Saturday, 31 December 2011


I spend the afternoon with the local Bahá'í friends, celebrating the Feast of Sharaf (Honour).

Due to my irregular work schedule, commitments to the children and so on, I'm unable to attend as many Bahá'í community activities as I should. This is the first time I've been able to come to two consecutive Feasts since goodness knows when!

I think it appropriate to provide a short extract from the Bahá'í writings here, relevant to the name and theme of this Feast and of the month in the Bahá'í calendar that it begins:
“The Almighty hath not created in man the claws and teeth of ferocious animals, nay rather hath the human form been fashioned and set with the most comely attributes and adorned with the most perfect virtues. The honour of this creation and the worthiness of this garment therefore require man to have love and affinity for his own kind, nay rather, to act towards all living creatures with justice and equity.” ('Abdu'l-Bahá)

Following the devotional section which comes at the start of every 19 Day Feast, there’s the opportunity to share news, discuss the present state of the community and make suggestions regarding future opportunities.

There's an interesting report from some of the friends who attended a recent conference in Watford sponsored by the Persian Society for Art and Letters, on the subject of Modernity. Many of the talks, panels and workshops held there were recorded, and we hope that those of us who didn’t go will soon be able to watch or listen to these.

I say a bit about the three  community celebrations of Chanukah I've been able to attend this month and on the activities I was able to join in around Christmas, through supporting Harry singing with the choir at St Thomas the Apostle Parish Church.

We also discuss upcoming opportunities to get involved in an event for International Women's Day to be held at the University of Leicester on Thursday 8 March and to take part in an event (as yet ill-defined) being organised in Leicester by the Occupy movement on the weekend of Saturday 24 and Sunday 25 March. In connection with the latter, while we’d have to be assured of the political neutrality of any such event before committing a more formal Bahá'í involvement, there’s certainly a lot that Bahá'ís can say and do that would be relevant. One of the principles of Bahá'í life is that we must work toward eliminating  extremes of wealth and poverty. Our belief in economic and social justice depend on that central factor in the Bahá'í programme. The Bahá'í Faith is no "pie-in-the-sky" religion that preaches we should accept our lot on earth for the sake of gaining reward in heaven. While it recognises that there's more to life than merely material well-being, it pulls no punches in stating that inequality and injustice are simply wrong, from whatever perspective we might take. This can be seen in the following statement, from a talk given in Paris by 'Abdu'l-Bahá a century ago:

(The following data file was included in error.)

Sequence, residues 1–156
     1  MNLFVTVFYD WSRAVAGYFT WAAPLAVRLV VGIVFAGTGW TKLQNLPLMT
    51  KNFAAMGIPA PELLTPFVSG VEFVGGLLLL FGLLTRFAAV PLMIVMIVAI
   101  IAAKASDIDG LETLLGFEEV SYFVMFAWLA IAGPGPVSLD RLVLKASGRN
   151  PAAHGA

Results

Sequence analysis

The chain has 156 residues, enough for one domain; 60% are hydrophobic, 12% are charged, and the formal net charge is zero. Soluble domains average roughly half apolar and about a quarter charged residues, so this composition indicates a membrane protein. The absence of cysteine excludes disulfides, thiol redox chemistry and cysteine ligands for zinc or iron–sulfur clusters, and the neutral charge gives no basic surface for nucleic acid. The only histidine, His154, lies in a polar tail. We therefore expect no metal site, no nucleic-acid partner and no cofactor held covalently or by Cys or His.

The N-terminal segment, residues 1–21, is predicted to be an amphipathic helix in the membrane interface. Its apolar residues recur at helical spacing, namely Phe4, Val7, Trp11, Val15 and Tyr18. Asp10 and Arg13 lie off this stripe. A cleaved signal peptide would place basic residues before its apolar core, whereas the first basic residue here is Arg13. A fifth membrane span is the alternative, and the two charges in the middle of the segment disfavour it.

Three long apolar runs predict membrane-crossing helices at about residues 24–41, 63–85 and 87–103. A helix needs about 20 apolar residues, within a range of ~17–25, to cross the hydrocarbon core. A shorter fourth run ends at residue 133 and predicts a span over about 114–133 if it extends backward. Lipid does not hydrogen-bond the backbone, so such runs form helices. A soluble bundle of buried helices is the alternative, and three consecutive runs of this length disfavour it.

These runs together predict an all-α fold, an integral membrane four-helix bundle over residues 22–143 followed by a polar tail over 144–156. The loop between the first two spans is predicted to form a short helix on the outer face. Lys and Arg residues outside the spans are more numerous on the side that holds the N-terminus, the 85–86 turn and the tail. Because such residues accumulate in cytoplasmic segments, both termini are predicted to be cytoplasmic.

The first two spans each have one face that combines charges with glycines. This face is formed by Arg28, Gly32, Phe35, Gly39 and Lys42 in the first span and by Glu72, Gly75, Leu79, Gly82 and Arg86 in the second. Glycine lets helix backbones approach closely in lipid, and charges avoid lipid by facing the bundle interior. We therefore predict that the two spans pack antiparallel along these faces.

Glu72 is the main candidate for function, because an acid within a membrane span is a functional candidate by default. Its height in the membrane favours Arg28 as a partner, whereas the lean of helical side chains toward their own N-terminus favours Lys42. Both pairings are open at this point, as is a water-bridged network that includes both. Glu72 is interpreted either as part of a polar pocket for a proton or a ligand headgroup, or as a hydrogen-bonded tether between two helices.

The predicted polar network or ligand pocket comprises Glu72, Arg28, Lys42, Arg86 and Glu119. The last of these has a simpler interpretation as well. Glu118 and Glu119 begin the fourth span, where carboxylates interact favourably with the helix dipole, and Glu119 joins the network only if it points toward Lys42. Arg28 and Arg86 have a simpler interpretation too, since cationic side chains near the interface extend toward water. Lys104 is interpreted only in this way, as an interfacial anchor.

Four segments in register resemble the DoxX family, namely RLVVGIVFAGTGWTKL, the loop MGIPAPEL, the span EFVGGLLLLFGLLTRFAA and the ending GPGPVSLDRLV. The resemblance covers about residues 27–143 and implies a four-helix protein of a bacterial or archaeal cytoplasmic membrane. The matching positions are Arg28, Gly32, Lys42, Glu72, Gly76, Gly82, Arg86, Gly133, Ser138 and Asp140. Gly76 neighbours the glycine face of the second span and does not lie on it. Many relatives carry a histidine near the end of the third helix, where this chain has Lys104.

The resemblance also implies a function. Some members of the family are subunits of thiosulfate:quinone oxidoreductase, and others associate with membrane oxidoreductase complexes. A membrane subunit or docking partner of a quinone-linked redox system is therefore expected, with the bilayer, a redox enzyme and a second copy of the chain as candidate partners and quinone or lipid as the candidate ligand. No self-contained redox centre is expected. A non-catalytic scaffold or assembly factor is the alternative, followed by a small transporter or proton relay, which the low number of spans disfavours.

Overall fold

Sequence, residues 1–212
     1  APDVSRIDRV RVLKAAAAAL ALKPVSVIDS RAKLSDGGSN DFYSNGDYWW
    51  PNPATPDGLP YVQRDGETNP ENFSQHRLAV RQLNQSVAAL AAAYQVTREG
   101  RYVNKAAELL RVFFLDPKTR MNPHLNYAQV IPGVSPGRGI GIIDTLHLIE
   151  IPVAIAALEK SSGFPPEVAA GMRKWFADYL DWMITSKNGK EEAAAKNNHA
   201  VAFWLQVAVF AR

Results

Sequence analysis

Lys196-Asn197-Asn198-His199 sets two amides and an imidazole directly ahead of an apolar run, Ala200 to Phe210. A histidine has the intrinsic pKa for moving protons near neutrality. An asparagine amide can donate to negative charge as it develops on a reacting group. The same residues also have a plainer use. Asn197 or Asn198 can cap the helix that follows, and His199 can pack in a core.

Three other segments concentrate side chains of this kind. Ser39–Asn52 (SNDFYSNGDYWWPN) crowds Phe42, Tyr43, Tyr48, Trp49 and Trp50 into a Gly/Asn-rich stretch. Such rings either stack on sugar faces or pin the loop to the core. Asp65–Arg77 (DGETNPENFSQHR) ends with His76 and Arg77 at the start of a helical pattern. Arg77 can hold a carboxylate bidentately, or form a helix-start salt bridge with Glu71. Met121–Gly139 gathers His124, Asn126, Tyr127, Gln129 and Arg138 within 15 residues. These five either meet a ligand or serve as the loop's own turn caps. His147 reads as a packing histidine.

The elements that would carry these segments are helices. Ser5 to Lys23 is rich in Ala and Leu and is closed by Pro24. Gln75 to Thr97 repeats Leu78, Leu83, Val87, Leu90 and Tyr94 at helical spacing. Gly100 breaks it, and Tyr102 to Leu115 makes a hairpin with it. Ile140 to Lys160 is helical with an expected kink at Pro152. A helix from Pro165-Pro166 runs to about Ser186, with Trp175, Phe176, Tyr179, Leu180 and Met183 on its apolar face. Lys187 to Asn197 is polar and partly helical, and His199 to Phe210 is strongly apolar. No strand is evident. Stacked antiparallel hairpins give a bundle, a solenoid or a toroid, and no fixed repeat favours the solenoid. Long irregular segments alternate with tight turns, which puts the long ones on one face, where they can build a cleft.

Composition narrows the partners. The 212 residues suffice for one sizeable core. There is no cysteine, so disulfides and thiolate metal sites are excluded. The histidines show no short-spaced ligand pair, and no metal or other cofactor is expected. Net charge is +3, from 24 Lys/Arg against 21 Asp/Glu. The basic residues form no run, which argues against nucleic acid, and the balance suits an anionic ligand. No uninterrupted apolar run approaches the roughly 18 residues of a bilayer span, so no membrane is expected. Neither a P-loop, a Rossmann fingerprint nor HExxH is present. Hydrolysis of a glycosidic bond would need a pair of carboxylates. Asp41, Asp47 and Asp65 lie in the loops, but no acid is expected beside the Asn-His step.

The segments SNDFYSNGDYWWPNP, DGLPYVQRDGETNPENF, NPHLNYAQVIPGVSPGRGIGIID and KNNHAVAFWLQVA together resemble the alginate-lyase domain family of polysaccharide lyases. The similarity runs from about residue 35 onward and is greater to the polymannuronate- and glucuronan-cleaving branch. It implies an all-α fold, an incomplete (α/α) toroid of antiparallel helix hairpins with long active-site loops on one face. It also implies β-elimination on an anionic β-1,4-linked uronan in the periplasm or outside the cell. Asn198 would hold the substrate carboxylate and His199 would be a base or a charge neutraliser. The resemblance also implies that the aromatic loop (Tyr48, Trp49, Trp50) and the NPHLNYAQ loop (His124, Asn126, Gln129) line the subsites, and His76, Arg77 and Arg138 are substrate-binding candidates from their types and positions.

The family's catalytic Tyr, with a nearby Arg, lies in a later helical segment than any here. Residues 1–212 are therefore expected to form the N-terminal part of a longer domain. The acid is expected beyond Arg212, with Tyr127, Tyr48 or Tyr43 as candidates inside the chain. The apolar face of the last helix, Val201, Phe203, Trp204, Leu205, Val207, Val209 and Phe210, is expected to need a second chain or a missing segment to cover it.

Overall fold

A financier with colossal wealth should not exist whilst near him is a poor man in dire necessity. When we see poverty allowed to reach a condition of starvation it is a sure sign that somewhere we shall find tyranny. Men must bestir themselves in this matter, and no longer delay in altering conditions which bring the misery of grinding poverty to a very large number of the people. The rich must give of their abundance, they must soften their hearts and cultivate a compassionate intelligence, taking thought for those sad ones who are suffering from lack of the very necessities of life. 
There must be special laws made, dealing with these extremes of riches and of want. The members of the Government should consider the laws of God when they are framing plans for the ruling of the people. The general rights of mankind mankind must be guarded and preserved. 
The government of the countries should conform to the Divine Law which gives  equal justice to all. This is the only way in which the deplorable superfluity of great wealth and miserable, demoralizing, degrading poverty can be abolished. Not until this is done will the Law of God be obeyed.

And this, from The Promise of World Peace, a statement by the Universal House of Justice "to the peoples of the world" made in 1984, coinciding with the United Nations International Year of Peace: